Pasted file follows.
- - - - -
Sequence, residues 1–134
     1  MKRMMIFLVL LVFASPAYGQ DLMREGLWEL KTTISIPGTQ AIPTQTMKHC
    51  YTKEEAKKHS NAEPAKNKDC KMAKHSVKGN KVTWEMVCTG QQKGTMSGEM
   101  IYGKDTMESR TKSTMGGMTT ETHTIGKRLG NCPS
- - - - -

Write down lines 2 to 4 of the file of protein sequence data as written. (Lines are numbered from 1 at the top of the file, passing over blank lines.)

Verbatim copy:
     1  MKRMMIFLVL LVFASPAYGQ DLMREGLWEL KTTISIPGTQ AIPTQTMKHC
    51  YTKEEAKKHS NAEPAKNKDC KMAKHSVKGN KVTWEMVCTG QQKGTMSGEM
   101  IYGKDTMESR TKSTMGGMTT ETHTIGKRLG NCPS